How do you solve a problem like “millennials”?

patrick henry college

Millennials are little understood, but not for lack of trying. Whether it’s in politics, education, business, marketing, or retail, everyone wants to understand what makes millennials tick. I don’t claim to have any special insight into people a third my age, but as the Founder of a College whose students are all millennials (and the father of more than a few of my own), I do have access to great source material.

Recently one of my students studying American Politics and Policy at Patrick Henry College, Jonathan Monroe, did his internship at the Family Research Council. Jonathan wrote a white paper entitled “Millennials: Hard to Pin Down, Yet Ripe for Conversion.” Jonathan identifies several contradictions in millennials’ values. For example, 70 percent of millennials say they want to get married, but 44 percent view marriage as obsolete. It doesn’t take a math major to know something doesn’t add up.

Jonathan argues that one reason why millennials are so confused is because the church –historically an unapologetic advocate for truth– has instead concerned itself with becoming “palatable and relevant.” Ironically, despite these misguided priorities, Jonathan’s research shows that millennials view the church as “distasteful and irrelevant.” Jonathan’s research has been cited by both conservatives and liberals. It affirms what we all have observed. In general, millennials are actually quite smart. They can quickly sniff out the inauthentic, the parody, and the cheap imitation. Unfortunately, we’ve also seen that because they are seldom taught the truth, they lack the strength or motivation to take a stand and develop convictions.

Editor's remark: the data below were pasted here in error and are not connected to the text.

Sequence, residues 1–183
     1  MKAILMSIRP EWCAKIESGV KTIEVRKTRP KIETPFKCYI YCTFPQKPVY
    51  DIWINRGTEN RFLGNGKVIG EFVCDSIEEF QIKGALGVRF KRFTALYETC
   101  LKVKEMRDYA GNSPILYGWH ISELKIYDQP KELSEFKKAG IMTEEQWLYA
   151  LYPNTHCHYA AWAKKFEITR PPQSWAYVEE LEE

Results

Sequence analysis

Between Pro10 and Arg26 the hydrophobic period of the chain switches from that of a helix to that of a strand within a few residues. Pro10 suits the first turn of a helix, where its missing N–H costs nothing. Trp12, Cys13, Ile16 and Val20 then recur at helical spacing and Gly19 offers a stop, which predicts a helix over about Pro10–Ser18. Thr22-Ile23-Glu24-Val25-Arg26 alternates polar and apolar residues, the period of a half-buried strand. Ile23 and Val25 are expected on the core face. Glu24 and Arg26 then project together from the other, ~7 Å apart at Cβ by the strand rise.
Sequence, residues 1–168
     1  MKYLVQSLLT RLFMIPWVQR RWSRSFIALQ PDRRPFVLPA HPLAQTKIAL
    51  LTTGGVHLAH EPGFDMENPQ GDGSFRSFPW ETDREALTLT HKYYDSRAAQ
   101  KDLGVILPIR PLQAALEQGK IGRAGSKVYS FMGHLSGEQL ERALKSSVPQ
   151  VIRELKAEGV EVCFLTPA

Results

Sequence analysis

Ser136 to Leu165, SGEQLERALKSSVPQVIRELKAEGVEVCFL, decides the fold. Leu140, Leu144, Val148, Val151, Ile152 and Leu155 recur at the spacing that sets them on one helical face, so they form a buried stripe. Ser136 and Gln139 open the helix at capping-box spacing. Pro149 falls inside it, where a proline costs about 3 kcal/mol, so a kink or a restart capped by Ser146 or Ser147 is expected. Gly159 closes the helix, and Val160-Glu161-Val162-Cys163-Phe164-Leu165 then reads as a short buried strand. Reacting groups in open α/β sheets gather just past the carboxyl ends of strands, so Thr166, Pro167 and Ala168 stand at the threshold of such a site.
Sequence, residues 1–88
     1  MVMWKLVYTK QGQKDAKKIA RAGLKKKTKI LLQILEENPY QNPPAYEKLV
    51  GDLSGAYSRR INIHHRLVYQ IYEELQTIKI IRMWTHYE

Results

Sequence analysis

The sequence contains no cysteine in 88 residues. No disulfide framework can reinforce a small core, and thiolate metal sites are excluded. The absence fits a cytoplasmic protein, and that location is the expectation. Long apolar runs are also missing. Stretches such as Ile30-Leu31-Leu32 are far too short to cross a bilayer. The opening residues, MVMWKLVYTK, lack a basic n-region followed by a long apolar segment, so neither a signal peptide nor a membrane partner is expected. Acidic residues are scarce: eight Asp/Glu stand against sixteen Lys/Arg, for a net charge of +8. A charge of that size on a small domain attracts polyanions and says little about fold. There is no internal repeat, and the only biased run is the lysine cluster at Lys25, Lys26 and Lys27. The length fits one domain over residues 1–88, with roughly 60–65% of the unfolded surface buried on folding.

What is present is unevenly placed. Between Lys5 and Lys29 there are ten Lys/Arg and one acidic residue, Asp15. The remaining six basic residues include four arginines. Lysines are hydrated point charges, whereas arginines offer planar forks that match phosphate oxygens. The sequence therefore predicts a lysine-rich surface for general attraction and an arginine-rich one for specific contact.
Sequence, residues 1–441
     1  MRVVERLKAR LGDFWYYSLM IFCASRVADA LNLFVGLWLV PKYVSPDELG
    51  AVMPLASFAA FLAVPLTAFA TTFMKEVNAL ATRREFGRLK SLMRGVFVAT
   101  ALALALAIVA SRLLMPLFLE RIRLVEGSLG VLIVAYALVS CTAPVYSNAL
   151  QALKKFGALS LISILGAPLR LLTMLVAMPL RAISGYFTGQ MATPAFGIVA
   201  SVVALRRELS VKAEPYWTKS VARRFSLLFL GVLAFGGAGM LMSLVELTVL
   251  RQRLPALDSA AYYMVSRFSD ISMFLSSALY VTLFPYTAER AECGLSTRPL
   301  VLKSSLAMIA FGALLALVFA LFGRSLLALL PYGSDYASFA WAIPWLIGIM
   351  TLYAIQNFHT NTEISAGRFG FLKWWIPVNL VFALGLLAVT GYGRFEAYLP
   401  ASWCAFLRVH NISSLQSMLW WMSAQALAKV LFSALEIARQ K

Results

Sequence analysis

The problem with the most educated generation in human history is not that they lack knowledge or information. The problem is that this knowledge (which once was only accrued over time) is available to them long before the wisdom that comes with experience. If wisdom is the appropriate application of knowledge to life, it’s no wonder these young people are confused.

While there is no substitute for experience, we can’t forget the primary source of wisdom! Wisdom can be taught.

We don’t have to experience every bad thing or every consequence of a mistaken philosophy to know that it’s bad. We can learn from the experiences of others. With a healthy respect for history, we can avoid the mistakes of our predecessors. That is wisdom. Even more importantly, the Word of God is the ultimate and ever-reliable source of all wisdom – the “lamp for my feet and the light for my path.”

Here at Patrick Henry College we believe that a College education that teaches knowledge but excludes the truth of God’s Word and a respect for the historical tradition is an education that cannot and will not produce wise students. That’s why Patrick Henry College is a Classical Christian Liberal Arts College and that is what makes it different. The world doesn’t need more smart kids. The world needs wise and thoughtful young leaders who are willing to take a stand for Christ and for Liberty. By God’s grace, these are exactly the type of leaders we’re training at Patrick Henry College.

Here’s the great news: millennials are not a problem we have to solve. Quite the contrary. They’re the very people who –if empowered with the truth– can be used mightily by God to reform and redeem our country and society. Here at Patrick Henry College we believe millennials can and will be part of the solution. We hope you’ll join us in training this generation.

For Christ and for Liberty,

Michael P. Farris, J.D.

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